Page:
Time to complete a goal or transaction using GTM and Google Analytics

Here is a quick overview of how to track the time needed for a user to finalize a desired activity inside a session using Google Tag Manager and Google Analytics. The example in this article is a simplified overview of various hits and methods on how we can achieve process tracking inside Google Analytics. By default Analytics measures Session length / duration and time on page which is quite challenging in this cases and rarely applicable thus one may be forced to use features like custom metrics and / or user timing hits.

Case – time from session start to lead generation form submit

A user starts a session and is expected to fill and submit a lead generation form. We would really like to know how long this process usually takes (not the entire multichannel / multi device experience in this case but just the in session experience).  The experience will be highly affected by previous experience with the site – so using some segments while analysing would come in quite handy.

The idea on how to fetch these values is quite simple. Drop a cookie once a session starts, or in some specific cases when an on site process starts (e.g. checkout) – where the cookie value will be the session / process start time. After the user has completed the process – successfully completed the desired action (we basically mimic Analytics goal behaviour – so it is either a destination or an event based trigger in GTM) we send a User timing hit or an event hit with a time type custom metric.

 

The procedure

What is needed:

1. Cookie tag – Custom HTML
On session start we set a session level cookie.

var d = new Date().getTime();
document.cookie = "sessionStart=" + d + "; path=/;";

Trigger – Pageview using a 1st party cookie variable sessionStart (so fire only if sessionStart is undefined).
Variable – 1st party cookie – sessionsStart ({{gtm sessionStart}}).

trigger first page in a session

 2. Google Analytics pageview tag – Template tag – Universal Analytics

This is a basic GA universal pageview tag yet I added a hitCallback inside ‘Fields to set’ to safely set a clientId as a custom dimension (user level – do not forget to dreate the custom dimension inside GA admin) in an additional event tag (ty Simo!) – this will fire a Google Analytics event tag only when the Pageview tag has fired successfully. so the setup looks like this:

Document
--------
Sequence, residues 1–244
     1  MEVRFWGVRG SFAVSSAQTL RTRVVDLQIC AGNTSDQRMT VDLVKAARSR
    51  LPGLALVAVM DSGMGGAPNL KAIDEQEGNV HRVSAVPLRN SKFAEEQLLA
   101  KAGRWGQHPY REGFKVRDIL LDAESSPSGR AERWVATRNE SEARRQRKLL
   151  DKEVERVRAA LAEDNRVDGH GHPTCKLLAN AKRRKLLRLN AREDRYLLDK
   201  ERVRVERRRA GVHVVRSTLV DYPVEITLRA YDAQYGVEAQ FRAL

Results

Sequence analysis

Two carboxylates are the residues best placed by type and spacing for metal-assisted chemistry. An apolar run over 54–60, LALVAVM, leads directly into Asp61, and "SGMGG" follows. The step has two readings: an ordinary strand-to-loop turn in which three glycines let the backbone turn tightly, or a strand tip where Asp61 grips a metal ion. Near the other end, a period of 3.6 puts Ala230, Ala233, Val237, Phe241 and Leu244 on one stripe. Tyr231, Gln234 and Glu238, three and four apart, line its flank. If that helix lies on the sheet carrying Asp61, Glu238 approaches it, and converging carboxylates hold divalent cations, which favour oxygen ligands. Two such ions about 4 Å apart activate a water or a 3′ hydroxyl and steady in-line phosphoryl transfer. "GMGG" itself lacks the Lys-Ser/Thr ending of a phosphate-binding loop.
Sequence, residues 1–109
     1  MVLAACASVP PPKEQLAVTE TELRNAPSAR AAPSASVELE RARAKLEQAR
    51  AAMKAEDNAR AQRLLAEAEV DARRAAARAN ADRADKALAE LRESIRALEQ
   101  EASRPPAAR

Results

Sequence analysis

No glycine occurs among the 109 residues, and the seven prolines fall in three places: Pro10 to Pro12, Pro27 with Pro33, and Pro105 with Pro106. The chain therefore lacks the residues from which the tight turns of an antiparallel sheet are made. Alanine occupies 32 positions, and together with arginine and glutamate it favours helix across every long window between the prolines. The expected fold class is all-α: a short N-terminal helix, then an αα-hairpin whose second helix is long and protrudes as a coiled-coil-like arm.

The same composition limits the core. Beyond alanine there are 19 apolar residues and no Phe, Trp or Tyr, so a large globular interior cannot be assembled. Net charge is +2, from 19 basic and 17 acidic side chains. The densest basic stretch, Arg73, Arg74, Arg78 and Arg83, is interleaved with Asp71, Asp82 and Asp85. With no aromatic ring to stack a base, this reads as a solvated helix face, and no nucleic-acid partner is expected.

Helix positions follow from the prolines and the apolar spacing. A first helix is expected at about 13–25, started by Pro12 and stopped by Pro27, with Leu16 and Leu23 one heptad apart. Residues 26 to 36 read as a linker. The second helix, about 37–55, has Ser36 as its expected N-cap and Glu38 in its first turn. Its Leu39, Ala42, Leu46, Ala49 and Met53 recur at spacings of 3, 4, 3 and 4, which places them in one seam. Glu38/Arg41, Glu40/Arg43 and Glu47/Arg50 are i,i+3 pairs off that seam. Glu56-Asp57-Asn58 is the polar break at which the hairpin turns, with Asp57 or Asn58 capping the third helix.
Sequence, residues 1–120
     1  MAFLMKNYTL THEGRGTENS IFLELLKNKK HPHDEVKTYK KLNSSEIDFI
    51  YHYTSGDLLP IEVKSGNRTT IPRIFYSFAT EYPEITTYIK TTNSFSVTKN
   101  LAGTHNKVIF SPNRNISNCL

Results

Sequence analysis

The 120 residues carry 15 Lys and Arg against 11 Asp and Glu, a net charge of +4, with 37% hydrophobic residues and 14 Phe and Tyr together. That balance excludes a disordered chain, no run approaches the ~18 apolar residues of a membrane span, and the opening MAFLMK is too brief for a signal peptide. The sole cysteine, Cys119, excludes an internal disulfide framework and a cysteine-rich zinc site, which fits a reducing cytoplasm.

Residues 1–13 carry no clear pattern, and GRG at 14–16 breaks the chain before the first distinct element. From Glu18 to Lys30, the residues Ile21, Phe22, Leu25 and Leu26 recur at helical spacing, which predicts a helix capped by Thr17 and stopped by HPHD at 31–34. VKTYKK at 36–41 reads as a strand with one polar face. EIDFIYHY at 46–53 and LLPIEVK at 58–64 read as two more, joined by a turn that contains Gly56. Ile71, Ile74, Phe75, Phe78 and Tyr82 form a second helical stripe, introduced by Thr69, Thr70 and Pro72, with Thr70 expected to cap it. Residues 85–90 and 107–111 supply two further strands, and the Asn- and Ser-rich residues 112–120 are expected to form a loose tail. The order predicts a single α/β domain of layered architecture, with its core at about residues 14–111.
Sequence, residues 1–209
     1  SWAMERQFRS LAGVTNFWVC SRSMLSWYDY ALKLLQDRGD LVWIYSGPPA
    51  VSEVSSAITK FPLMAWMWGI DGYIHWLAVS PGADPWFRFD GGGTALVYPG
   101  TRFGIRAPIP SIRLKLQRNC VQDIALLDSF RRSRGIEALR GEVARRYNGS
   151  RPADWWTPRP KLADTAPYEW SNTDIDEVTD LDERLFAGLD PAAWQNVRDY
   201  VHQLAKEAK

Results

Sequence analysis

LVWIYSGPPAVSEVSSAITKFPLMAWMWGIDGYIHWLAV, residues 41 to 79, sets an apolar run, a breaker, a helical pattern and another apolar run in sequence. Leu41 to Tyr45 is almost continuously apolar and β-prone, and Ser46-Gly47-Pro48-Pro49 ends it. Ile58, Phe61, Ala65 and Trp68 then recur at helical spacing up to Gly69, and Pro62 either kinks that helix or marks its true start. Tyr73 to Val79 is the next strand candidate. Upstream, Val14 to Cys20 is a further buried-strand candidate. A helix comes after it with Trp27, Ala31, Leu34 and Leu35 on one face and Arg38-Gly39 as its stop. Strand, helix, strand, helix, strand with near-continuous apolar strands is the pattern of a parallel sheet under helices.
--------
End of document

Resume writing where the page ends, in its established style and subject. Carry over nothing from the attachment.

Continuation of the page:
universal analytics main pageview tag

Trigger – All pages (default trigger).
Variable – custom js variable which send a custom event via dataLayer push – this event is used for the Utility Event responsible for adding a custom dimension with clientId value.

check if ua pageview fired

function() {
return function(){dataLayer.push({'event': 'pageViewFired'});}
}

3. Google Analytics Event tag – Template tag – Universal Analytics

A simple event tag which only purpose is to set the Custom Dimension value of the users clientId (this is used to further analyse time for each process based on the client Id – some randomization could be utilized if a user is expected to have multiple conversions or even add a process end time as a custom dimension or use time dimensions in GA).

event tag set cid

Trigger – event equals pageViewFired.
Variable – use a custom JS variable which will fetch the clientId value.

function() {
return ga.getAll()[0].get('clientId');
}

4. Google Analytics User timing tag – Template tag – Universal Analytics

This is where we send info to GA that the process has successfully ended and pass the time value. So the setup looks like this:

user timing hit

Trigger – any which identifies the session has resulted in a goal completion. For this case I used a simple custom event – trackConversion – dataLayer.push({‘event’:’trackConversion’});

Calculation and variables – as you noticed a different variable is used for the custom metric and user timing value. The reason for this is that user timing hit requires a value in milliseconds and custom metrics in seconds. The calculation is pretty simple.  You need 2 variables:

User timing value

function (){
var endTime = new Date().getTime(); // this could easily be a separate variable
return endTime - {{gtm sessionStart}};
}

and Custom metric value

function (){
var endTime = new Date().getTime(); // this could easily be a separate variable
return (endTime - {{gtm sessionStart}})/1000;
}

And that’s basically it – one word of caution though user timing hits are prone to sampling so consider sending the timing info through events with CD and CM defined.

When you are done setting this up the example report could be something like this:

report example

 

Hope the article was useful and of course happy tracking!

 

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